Tell me to picture something “awe-inspringly beautiful,” and my mind will probably wander to an infinite pile of baked goods, a cheese store with endless free samples, or any other stockpile of rich, buttery milk fat. It turns out that many scientists would agree with me.
Fats themselves don't look all that gorgeous at face value. To the human eye, they look like smooth white pastes or thick yellow liquids. But their appearance, taste and nutritional value all depend on microscopic building blocks — the individual fat molecules themselves. Scientists led by Alejandro Marangoni at the University of Guelph are using X-rays and electron microscopes to tell the gorgeous inside story of those milk fats. They published their most recent results in the journal Food Chemistry earlier this month.
Think of a fat like a delicious library. At the smallest scales are the pages — rows of individual triglyceride molecules. These molecules stack to form the books, or crystalline nanoplatelets — rectangular sheets of fat molecules about a hundred times smaller than the width of a human hair. Each book is aligned neatly in a bookcase; the nanoplatelets, too, arrange themselves neatly in a crystal structure. Finally, each of these bookcases together forms the whole library (or the big cheese).
As is the case in any library, every small unit can tell you something about the bigger picture. A page can tell you what kind of book you’re reading, a book can tell you what sorts of books are in the case you pulled it from, and the bookcase itself can tell you which section of the library you’re standing in, assuming you still remember how the Dewey Decimal System works.
Scientists are reading individual pages to understand what the fat library looks like.
“What we're planning to do is study how the arrangement of the nanocrystals [is] affected by the different processing conditions we apply to food,” said Pere Ramel, a graduate student working on the study.
The scientists started with a liquid mixture of melted milk fats from a Kraft foods plant, cooled it slowly to form crystals, put the crystals under an electron microscope in Guelph and bounced X-rays off them at the Advanced Photon Source at Argonne National Lab in Illinois to analyze their structure. Cooling the fats at different speeds made different sized crystals, which in turn changed the fats’ melting points. This gave them the varying textures of different dairy products.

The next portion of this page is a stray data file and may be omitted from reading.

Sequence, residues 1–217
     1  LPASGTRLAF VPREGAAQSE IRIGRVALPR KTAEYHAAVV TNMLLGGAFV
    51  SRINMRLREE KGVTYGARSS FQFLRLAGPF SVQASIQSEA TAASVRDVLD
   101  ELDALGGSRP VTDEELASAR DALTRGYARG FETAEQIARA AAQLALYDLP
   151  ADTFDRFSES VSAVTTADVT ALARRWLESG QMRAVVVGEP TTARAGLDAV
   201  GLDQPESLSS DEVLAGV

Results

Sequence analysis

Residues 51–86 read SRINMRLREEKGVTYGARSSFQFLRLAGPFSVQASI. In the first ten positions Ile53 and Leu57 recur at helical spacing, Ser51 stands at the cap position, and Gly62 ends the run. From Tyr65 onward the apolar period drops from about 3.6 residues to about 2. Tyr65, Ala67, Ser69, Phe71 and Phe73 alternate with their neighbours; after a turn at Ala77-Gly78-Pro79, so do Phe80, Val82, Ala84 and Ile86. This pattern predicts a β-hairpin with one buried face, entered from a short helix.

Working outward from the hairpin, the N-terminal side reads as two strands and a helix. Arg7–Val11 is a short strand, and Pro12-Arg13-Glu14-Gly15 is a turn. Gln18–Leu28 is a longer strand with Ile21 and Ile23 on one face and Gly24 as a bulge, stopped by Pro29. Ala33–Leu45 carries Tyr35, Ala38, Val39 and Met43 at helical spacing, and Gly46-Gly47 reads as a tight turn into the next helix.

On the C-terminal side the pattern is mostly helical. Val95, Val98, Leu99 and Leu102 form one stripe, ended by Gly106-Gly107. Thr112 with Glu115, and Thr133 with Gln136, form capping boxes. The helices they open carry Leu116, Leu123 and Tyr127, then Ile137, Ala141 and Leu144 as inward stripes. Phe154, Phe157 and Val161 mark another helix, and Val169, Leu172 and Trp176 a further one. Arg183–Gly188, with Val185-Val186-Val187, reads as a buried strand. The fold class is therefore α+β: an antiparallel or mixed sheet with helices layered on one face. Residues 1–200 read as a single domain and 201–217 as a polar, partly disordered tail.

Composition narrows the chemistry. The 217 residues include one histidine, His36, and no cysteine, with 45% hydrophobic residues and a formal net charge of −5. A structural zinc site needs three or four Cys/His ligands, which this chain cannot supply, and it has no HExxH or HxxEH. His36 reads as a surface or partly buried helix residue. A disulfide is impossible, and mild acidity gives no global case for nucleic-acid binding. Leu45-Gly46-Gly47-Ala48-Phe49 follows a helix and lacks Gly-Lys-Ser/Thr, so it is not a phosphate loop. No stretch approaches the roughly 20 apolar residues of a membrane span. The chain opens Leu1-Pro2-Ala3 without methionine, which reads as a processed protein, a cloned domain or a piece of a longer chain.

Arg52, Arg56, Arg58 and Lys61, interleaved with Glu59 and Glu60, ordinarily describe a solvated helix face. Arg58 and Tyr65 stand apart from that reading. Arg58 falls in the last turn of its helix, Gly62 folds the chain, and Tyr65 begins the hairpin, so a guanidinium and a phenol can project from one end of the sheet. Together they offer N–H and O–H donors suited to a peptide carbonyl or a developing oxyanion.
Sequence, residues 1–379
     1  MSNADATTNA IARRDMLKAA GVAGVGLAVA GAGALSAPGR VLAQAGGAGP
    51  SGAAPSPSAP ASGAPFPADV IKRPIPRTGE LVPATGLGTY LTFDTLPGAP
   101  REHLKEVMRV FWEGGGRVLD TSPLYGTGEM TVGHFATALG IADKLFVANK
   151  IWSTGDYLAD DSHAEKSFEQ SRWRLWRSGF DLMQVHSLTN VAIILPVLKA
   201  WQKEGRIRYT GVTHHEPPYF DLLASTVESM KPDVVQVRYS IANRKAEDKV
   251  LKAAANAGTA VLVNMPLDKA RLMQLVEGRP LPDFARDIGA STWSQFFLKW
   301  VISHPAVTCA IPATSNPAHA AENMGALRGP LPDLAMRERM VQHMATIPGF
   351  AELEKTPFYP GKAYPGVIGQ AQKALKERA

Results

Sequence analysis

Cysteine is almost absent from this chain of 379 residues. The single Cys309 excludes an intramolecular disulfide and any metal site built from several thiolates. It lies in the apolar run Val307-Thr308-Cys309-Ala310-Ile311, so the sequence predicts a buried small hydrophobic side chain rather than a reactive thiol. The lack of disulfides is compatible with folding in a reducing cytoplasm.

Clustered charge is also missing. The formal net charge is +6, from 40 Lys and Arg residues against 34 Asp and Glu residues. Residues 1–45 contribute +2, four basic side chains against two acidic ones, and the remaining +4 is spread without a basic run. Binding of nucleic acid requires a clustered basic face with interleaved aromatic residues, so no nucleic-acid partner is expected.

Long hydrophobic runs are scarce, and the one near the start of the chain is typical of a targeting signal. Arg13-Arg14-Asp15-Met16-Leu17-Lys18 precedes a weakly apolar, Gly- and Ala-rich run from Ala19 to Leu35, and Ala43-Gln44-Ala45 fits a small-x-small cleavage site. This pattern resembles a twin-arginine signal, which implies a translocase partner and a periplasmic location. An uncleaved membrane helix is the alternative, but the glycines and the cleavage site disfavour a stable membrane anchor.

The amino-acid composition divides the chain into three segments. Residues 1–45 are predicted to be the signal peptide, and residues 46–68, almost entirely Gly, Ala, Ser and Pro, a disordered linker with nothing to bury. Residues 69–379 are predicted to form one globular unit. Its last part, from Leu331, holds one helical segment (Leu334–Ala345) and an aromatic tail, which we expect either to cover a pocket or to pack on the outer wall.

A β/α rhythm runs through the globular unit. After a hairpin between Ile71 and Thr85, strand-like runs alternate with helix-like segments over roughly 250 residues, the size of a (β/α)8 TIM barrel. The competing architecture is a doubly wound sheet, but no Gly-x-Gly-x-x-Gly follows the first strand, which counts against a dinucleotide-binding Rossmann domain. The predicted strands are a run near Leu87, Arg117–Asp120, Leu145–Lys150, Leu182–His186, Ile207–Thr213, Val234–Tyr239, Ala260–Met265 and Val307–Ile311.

The research has obvious applications in the food industry. “There's a lot of issues with milk fat regarding nutrition and sustainability,” said Ramel. “Understanding what milk fat does in food can help you look for or develop alternatives for it.” For example, if a food producer wants to replace trans fat with a healthier alternative — without changing the taste of the food — they’d look to scientists like Ramel to find the best alternatives. Tinkering with foods at the molecular level could make the difference between "I can't believe it's not butter," and "well I don't know what that is but it's certainly not butter, buddy."
Even if health isn’t a big concern, picking and manipulating milk fat based on these structures can help make tasty food even tastier. “If you have a chocolate bar, you want one that tastes and behaves well. The fat actually needs to melt on your tongue to have a good taste,” said Jan Ilavsky, the scientist who runs the USAXS facility at Argonne that measured the fats with X-rays.
Several of the researchers also noted that the crystalline structure of the fats can be quite beautiful, although I would argue that chocolate bars are beautiful even without extreme magnification.
Putting fats into an electron microscope has its challenges. In Guelph, Ramel’s lab was in a different building than the microscope, so he had to run between buildings with a cooler full of ice blocks and milk fat crystals (yes, run, he says) in order to look at the samples before they melted. And yes, the scientists see the humor in putting milk fat into hundred-million-dollar experiments.
“I love it,” said Ilavsky. “On one of the beamlines we looked at plutonium and chocolate in the same week.”
Ryan Mandelbaum is serious about science, pizza, Guy Fieri and not much else. He enjoys writing about the environment, physics and the macabre. You can spot him wearing a CERN basketball jersey halfway through the movie "Particle Fever."